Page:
Where is your favorite place in the world?
Germany! I lived there for a short time and absolutely fell in love with the country and the people. Since I’m an incurable romantic, the castles on the Rhine fascinated me. I imagined stories about each of them. I’d love to go back. Maybe I could combine it with other places I want to visit in Europe. Like Czechoslovakia, England, and Ireland.
What do you like to read?
I read everything and anything from children’s books to encyclopedias. But for pure relaxation, I’ll choose a historical romance or a light high-heel detective type book. I also enjoy thrillers by authors like Michael Connelly, John Grisham or one of the Alex Cross series by James Patterson.
Who first introduced you to the love of reading?
The summer I was four years old, I was quite ill, and my parents showered me with books (instead of television) to keep me occupied while I recovered. I spent hours listening to anyone who would read to me. The stories took me from my sickroom into a marvelous world filled with adventures. I’ve loved reading ever since.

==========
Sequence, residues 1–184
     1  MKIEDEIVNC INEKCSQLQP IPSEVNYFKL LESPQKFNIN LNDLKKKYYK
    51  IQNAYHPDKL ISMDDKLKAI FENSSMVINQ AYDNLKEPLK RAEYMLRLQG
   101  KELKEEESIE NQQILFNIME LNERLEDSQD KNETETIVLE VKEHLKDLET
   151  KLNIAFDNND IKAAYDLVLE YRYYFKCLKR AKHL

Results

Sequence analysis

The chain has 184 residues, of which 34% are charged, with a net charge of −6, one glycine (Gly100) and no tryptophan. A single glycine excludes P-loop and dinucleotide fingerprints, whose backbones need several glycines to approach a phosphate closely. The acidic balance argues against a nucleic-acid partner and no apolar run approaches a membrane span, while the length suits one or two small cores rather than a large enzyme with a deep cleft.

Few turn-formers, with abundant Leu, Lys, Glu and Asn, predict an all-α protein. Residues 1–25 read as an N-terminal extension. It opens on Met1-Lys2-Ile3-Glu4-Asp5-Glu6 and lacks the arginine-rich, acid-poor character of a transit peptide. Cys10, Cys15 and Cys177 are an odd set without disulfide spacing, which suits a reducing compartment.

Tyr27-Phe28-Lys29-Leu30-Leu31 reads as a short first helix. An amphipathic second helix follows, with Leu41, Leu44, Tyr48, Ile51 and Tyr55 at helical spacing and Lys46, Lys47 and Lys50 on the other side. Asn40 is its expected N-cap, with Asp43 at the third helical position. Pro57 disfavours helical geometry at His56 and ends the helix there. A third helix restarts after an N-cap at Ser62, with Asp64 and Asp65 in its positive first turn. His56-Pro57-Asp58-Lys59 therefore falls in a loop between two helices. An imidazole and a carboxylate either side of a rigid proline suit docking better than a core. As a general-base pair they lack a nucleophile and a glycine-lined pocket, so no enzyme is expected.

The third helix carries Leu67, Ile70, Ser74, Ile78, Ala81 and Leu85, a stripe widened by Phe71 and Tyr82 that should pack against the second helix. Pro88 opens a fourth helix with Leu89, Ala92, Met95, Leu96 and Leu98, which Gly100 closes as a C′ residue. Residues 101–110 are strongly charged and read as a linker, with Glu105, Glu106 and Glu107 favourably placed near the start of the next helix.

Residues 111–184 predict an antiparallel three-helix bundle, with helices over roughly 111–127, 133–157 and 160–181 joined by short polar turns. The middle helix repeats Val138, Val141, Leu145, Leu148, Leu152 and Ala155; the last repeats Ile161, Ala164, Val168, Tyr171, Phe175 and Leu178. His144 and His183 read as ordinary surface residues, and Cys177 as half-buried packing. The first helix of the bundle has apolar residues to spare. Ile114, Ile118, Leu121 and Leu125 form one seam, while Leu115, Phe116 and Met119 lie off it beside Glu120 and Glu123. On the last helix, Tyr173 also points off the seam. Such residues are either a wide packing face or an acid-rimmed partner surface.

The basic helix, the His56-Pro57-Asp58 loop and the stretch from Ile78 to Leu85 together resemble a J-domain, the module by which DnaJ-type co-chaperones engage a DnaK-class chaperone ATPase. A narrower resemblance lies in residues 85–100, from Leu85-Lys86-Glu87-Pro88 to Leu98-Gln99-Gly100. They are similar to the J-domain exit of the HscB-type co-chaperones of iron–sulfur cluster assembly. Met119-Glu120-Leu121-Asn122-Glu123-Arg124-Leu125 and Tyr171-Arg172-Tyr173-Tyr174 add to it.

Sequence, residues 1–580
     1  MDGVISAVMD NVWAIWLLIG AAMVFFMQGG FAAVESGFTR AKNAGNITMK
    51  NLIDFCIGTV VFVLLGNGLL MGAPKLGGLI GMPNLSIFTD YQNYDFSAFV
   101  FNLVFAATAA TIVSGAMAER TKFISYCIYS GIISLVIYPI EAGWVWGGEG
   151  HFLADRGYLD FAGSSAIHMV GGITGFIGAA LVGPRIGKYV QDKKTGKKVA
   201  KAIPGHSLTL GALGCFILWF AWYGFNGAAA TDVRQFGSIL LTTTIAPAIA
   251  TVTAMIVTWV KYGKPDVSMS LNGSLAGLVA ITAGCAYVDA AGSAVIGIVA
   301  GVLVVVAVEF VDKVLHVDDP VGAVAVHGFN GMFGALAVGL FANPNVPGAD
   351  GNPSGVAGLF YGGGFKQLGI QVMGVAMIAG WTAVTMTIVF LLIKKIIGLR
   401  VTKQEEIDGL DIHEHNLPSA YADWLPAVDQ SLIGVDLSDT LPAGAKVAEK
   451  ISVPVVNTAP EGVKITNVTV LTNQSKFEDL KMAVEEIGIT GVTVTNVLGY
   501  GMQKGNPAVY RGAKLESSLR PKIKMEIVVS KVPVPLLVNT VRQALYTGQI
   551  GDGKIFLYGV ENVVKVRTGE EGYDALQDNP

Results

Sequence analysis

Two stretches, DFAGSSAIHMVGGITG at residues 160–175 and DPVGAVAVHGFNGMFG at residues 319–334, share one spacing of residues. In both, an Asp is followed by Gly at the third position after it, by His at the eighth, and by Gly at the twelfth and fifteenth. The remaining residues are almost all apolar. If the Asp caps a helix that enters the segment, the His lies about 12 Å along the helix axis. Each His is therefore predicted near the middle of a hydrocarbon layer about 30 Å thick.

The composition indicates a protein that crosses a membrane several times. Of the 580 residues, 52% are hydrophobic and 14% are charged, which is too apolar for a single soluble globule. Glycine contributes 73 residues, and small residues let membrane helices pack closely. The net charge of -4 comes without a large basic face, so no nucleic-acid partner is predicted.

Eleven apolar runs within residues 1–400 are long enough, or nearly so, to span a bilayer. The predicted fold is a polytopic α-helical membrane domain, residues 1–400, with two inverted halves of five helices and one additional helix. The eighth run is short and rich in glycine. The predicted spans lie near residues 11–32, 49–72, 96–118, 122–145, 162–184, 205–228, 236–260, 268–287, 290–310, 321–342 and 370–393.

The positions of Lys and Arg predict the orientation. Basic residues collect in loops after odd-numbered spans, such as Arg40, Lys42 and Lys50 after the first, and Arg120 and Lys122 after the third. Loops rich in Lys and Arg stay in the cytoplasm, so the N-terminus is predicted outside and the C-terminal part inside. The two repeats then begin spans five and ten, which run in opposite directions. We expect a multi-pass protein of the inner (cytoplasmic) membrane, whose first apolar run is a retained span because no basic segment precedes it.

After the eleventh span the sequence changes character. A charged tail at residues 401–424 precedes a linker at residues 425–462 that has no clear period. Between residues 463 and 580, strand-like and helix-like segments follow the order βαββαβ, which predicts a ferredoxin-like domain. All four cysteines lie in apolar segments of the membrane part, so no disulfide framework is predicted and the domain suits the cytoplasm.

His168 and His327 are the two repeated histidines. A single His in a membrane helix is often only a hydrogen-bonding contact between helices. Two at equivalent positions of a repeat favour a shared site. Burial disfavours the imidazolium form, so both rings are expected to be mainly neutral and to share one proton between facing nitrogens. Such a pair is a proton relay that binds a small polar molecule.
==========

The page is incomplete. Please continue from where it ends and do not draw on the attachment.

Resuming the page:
These are few of my favorite things:
1. Prime rib, medium rare with a baked potato
2. Vincent Van Gogh’s painting “Starry Night”
3. Playing Words with Friends on the computer (although Patty regularly trounces me)
“I don’t want to go.”
Puzzled, Sylvia put down the travel section of the Sunday paper she’d been reading at the kitchen table and turned toward the breakfast bar where Dave was assembling sandwiches with studious care. “What do you mean, honey?”
“Just what I said, I don’t want to go.”
“But we’ve been planning this for ages –”
“No, Syl. You’ve been planning it.”
“Okay.” She nodded. “Granted, I’ve done most of the research, but it’s been based on the things we’ve talked about. Things you’ve always enjoyed: history, archaeology, and —” She laughed and drew air quotes with two fingers of each hand. “Plenty of photo ops.”
“I don’t need to travel hundreds of miles for those things. I can see them on TV and be a lot more comfortable, too.”
“Come on, honey, you know that’s not the same as being there in person.”
“Close enough,” he said, carefully spreading the mayo on a slice of bread so the condiment covered it from crust to crust.
Sylvia leaned back in the chair and stared at him. “Who are you, and what have you done with my husband?”
He frowned. The expression changed his pleasant features into a stern mask that suddenly reminded her of his late Grandfather Beaumont.
“Not funny,” he muttered in a tone that sounded eerily like his grandfather’s, too.